I went first. Sitting with my legs outstretched and my back to Cok, he pressed at certain points on my face, in my ears, on the crown of my head, and into my glands and neck. Some points were tender; others painful and the rest no bother. He quickly diagnosed the following: right sinus issue (true), lymphatic flow issues (maybe), intelligence (of course), worry, fear and doubt (possibly) a problem in my mind (likely) then he asked me to lay down on the sisal rug. He poked at my abdomen, and “barely” (his words not mine) touched pressure points on my left foot. The pain bordered on torture. As I winced and held back tears, Cok explained I was “sick” in these areas. Pressure points in our feet correspond to various parts of the body. As if I needed more confirmation, Cok reported that I suffer from a mind trauma, a broken heart and that lethal combination is wreaking havoc on my liver. He also said I have no life balance (possibly) and that he would assist me in creating more harmony.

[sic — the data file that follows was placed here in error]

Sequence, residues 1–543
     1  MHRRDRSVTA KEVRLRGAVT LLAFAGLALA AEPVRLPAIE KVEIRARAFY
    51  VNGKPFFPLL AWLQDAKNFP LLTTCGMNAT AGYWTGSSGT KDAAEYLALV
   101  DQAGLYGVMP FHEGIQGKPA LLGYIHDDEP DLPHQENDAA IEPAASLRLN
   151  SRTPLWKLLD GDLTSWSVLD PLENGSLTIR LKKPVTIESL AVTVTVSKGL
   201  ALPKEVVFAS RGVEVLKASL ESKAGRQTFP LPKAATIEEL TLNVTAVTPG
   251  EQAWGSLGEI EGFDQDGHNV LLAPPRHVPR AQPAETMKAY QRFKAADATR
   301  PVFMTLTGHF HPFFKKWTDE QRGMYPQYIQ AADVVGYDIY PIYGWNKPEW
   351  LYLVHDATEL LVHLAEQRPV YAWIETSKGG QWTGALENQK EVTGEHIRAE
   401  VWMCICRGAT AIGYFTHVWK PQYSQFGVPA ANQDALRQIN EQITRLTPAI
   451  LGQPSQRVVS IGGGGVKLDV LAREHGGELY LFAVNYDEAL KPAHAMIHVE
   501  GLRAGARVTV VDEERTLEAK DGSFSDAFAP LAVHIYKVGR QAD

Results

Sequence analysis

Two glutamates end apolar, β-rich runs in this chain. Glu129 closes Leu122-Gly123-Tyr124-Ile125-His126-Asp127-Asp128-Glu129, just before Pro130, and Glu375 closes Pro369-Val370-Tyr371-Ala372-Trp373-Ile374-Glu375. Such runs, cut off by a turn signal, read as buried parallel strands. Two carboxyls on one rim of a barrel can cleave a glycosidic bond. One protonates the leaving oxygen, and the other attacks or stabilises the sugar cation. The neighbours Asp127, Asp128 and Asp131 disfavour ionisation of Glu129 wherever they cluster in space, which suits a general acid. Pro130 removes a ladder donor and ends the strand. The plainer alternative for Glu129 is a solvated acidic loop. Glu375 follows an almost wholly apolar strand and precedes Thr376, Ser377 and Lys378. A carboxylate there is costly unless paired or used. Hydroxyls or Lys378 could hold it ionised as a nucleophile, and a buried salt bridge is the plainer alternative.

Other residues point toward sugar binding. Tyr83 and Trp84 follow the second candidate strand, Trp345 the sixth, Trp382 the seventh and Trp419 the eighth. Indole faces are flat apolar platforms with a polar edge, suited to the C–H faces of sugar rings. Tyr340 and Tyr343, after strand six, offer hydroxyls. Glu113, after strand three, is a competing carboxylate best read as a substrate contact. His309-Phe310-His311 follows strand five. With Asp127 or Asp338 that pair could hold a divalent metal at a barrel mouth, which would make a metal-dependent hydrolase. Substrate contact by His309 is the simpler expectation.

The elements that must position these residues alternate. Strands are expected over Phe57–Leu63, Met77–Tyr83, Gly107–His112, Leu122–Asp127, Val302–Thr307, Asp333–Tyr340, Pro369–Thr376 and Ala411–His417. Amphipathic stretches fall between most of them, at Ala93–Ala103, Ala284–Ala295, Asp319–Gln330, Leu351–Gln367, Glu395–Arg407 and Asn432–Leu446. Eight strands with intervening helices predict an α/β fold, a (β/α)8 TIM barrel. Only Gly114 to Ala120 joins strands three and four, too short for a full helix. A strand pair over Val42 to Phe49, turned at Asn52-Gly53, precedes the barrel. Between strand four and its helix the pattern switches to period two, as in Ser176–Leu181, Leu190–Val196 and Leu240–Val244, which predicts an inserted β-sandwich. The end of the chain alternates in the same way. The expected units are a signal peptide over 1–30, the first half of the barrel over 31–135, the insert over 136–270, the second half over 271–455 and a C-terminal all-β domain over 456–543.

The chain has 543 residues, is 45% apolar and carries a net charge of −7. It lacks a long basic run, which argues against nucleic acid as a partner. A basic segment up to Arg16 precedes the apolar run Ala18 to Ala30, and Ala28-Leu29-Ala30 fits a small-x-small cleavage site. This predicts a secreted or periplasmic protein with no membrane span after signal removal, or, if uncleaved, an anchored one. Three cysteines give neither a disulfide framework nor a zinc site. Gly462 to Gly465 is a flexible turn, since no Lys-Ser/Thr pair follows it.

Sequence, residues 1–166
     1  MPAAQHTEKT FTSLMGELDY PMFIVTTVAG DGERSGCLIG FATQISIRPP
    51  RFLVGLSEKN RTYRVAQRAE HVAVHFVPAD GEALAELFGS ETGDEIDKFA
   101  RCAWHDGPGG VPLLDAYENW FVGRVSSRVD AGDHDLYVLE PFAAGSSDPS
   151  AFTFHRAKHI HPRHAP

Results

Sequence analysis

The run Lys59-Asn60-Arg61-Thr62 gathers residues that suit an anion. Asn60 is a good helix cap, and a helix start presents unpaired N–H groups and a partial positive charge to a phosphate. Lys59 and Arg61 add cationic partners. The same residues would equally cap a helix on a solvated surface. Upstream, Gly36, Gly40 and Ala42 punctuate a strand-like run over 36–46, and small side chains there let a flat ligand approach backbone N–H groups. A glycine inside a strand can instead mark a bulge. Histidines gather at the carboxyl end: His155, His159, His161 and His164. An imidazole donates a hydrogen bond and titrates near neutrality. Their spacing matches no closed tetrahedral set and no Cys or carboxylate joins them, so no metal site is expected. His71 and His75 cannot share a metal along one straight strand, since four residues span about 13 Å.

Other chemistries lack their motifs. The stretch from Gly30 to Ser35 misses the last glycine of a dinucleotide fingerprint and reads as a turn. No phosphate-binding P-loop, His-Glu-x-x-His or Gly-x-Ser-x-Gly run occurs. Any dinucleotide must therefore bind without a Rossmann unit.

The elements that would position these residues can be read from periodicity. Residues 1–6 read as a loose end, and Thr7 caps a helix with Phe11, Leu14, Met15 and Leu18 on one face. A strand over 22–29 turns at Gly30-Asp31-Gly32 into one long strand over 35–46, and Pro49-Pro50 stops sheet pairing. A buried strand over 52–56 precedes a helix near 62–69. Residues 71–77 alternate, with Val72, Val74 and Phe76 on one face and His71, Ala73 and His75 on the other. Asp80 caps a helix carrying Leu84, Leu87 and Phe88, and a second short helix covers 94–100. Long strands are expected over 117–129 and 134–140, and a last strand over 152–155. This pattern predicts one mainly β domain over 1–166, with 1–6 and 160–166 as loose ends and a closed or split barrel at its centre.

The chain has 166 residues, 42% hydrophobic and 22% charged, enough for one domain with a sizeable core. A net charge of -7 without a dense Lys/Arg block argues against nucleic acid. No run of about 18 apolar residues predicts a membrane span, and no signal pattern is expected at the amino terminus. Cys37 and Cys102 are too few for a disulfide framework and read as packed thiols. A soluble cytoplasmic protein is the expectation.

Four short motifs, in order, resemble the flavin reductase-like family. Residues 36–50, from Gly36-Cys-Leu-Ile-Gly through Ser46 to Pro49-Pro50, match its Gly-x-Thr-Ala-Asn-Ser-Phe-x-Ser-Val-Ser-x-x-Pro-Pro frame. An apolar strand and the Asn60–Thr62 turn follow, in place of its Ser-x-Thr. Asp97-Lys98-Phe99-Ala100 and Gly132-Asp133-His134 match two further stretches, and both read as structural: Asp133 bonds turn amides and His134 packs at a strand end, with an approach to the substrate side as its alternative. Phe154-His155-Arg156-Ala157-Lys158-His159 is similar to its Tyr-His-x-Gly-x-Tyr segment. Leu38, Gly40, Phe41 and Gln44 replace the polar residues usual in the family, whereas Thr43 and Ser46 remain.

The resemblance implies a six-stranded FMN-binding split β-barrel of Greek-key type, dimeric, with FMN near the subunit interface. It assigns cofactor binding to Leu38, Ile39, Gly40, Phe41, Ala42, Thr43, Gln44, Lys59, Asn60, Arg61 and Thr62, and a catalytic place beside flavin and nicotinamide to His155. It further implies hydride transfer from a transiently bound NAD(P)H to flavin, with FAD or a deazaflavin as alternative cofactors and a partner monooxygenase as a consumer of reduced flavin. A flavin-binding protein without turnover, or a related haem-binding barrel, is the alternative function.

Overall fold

The student from the Netherlands stood on my feet, waved his hands like some belly dancing moves and essentially flushed out the bad from my body. When Cok tested the previously painful spots, I didn’t feel a thing. I was cured. A glutton for punishment, I pushed my luck and asked Cok if he could fix my foot, the other reason for my visit. He studied my foot for a moment and then went to work digging into points that were so excruciating I cried out in pain and this time tears of anguish followed. Cok then took my foot and pounded it on the ground several times. Let’s face it. I’ve already spent an exorbitant amount of money at the best doctors in the country what do I have to lose except my ability to walk?